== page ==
Fear and Loathing, Fire and Brimstone, By Tracy HauffTweet
It may seem a tad early to begin political reporting on the 2016 Presidential election, but the list of candidates is steadily increasing, and I, like Hunter S. Thompson, cannot silence my fear and loathing of some embarking upon the campaign trail. This day, I am targeting Ted Cruz – the first person to announce his Republican candidacy.
He looks like a BMW car salesman with a perpetual condescending stare, delivers fire and brimstone speeches patterned after Evangelical ministers and geared toward Christian conservatives and angry Tea Partiers, and he is backed by the Koch Brothers. His political views are borderline fanatical, saturated with Christian supremacy and privilege. He is emerging as an unofficial leader of the religious right with strong ties to the New Apostolic Reformation (NAR). In 2007, during a ceremony in Texas, NAR leaders destroyed Native American artifacts in an act of spiritual warfare they say was intended to promote “reconciliation” between estranged groups of people.
In Indian Country we cherish our resources. Indian activists are in the front lines all across the nation fighting for clean water, fresh air, and treaty rights to hunt, fish, and gather. In the beginning, before colonialism fractured the Lakota way of life, the creator took care of all survival needs and today we must protect all he has bestowed upon us. I was raised in the Episcopal faith as many on the reservation are, but the more I witness the destruction of Unci Maka, the more I appreciate Wakan Tanka, the Great Spirit.
We should understand well that all things are the works of the Great Spirit. We should know that. He is within all things: the trees, the grasses, the rivers, the mountains, and all the four-legged animals, and the winged peoples; and even more important we should understand that he is also above all these things and peoples. When we do understand this all deeply within our hearts, then we will fear, and love, and know the Great Spirit, and then we will be and act and live as he intends. ~ Black Elk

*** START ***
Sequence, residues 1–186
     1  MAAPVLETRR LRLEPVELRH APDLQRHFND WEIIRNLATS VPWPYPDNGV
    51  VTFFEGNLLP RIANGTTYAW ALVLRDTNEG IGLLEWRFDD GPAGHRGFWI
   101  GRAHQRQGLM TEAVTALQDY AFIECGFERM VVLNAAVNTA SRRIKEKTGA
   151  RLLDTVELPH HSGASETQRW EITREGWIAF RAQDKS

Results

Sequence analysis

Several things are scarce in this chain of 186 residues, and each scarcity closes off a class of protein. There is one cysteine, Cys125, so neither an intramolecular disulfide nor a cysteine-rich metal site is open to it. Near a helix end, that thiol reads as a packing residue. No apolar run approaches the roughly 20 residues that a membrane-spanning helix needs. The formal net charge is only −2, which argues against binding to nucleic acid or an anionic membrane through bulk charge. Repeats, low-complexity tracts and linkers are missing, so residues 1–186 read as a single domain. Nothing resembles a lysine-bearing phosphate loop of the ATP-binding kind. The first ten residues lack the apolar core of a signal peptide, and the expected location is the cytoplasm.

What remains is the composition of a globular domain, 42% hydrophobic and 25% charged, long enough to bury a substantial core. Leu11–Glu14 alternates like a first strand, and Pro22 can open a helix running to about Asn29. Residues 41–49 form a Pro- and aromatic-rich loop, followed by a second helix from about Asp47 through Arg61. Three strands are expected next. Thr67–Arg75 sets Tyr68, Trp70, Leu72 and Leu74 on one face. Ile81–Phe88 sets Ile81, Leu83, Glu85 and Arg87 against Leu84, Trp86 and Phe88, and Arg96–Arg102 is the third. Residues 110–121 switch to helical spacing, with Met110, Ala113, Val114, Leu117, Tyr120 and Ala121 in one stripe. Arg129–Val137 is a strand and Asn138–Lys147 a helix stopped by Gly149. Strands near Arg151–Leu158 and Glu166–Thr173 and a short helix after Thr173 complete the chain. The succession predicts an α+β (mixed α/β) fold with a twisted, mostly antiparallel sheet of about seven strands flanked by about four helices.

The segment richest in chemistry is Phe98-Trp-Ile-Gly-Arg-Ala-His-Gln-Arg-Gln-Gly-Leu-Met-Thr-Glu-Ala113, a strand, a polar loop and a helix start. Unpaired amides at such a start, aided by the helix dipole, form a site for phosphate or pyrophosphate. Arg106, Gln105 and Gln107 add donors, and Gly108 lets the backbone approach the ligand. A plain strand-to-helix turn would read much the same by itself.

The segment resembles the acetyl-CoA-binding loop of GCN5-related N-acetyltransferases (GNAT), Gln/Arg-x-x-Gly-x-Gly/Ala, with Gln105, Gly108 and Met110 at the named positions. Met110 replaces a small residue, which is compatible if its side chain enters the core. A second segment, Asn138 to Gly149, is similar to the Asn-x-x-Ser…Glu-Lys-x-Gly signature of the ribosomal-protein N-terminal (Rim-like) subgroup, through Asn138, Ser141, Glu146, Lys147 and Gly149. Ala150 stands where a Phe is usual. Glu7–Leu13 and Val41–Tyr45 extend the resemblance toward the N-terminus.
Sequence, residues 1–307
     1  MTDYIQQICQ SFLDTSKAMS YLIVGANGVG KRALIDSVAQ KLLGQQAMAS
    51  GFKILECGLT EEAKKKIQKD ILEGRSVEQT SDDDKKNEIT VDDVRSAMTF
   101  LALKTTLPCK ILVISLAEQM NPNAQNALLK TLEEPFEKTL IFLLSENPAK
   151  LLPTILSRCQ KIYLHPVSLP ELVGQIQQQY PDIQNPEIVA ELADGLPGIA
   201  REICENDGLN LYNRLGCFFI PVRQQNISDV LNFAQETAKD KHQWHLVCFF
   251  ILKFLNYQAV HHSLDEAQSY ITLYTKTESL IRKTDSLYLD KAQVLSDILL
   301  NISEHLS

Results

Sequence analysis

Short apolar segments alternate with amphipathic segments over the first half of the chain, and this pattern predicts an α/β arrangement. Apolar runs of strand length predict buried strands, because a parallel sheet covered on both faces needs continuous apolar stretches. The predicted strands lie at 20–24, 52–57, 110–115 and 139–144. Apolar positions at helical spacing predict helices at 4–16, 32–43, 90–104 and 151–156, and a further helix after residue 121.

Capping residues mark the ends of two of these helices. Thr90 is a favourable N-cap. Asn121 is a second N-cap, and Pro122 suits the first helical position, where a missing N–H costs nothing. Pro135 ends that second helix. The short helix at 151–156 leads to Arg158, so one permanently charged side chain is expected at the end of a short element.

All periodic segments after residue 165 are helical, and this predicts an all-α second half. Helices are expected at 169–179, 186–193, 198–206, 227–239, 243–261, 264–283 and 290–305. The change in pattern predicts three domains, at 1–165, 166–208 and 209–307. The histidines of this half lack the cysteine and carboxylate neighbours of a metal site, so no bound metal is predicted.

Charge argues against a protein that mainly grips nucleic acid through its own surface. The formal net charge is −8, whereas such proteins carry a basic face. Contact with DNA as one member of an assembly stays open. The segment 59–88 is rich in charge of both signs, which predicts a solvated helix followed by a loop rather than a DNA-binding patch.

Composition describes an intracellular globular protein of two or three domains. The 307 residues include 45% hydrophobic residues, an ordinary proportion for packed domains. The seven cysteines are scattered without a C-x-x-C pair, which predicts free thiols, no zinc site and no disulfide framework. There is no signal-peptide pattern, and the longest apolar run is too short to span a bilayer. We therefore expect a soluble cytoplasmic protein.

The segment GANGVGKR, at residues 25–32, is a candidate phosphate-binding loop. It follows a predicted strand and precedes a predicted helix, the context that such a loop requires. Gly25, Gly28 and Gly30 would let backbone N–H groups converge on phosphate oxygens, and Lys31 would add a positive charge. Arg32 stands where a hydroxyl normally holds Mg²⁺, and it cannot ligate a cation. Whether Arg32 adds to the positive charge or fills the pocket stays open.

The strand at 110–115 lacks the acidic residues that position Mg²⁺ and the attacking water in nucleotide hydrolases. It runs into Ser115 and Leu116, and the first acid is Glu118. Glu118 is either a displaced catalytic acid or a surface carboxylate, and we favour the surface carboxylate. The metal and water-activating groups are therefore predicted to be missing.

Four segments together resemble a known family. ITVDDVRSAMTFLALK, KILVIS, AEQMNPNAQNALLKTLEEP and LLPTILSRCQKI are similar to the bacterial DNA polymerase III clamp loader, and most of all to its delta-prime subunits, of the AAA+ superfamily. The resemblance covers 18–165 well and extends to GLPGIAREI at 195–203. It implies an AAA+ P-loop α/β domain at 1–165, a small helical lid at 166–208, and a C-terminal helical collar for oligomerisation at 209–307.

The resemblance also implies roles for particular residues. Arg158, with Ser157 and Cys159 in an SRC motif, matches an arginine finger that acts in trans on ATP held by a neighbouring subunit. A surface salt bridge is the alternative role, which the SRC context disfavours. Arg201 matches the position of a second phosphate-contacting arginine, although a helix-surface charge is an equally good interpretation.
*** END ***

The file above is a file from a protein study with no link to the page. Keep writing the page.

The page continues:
Senator Cruz’s father, Rafael Cruz, is a pastor who declared that his son has been “anointed by God” to bring righteousness to the presidency of the United States of America. Thanks to his father’s tutelage of “Mother Earth Worship” (the elder Cruz’s term for environmentalism);
Senator Cruz is a strong supporter of the Keystone XL Pipeline and a naysayer of climate change. In 2013, he co-sponsored the Federal Land Freedom Act which would “authorize a state to establish a program covering the leasing and permitting processes, regulatory requirements, and any other provisions by which the state would exercise its rights to develop all forms of energy resources on available federal land in the state.” This would allow states to lease energy rights on federal lands. The National Conference of State Legislatures (NCSL) determined “The use of trust lands is governed by the tribes, subject to certain federal restrictions, and the land is usually not subject to state laws.” Incorporating the word “usually” opens the door for debate on Sovereign Immunity and encroachment by the states of trust lands. Since 2009, oil production on state and private lands has increased 61 percent while production on federal lands has fallen 9 percent. The Federal Land Freedom Act proponents cite this statistic with enthusiasm. They do not want to see any potential oil field or mineral bed go untapped.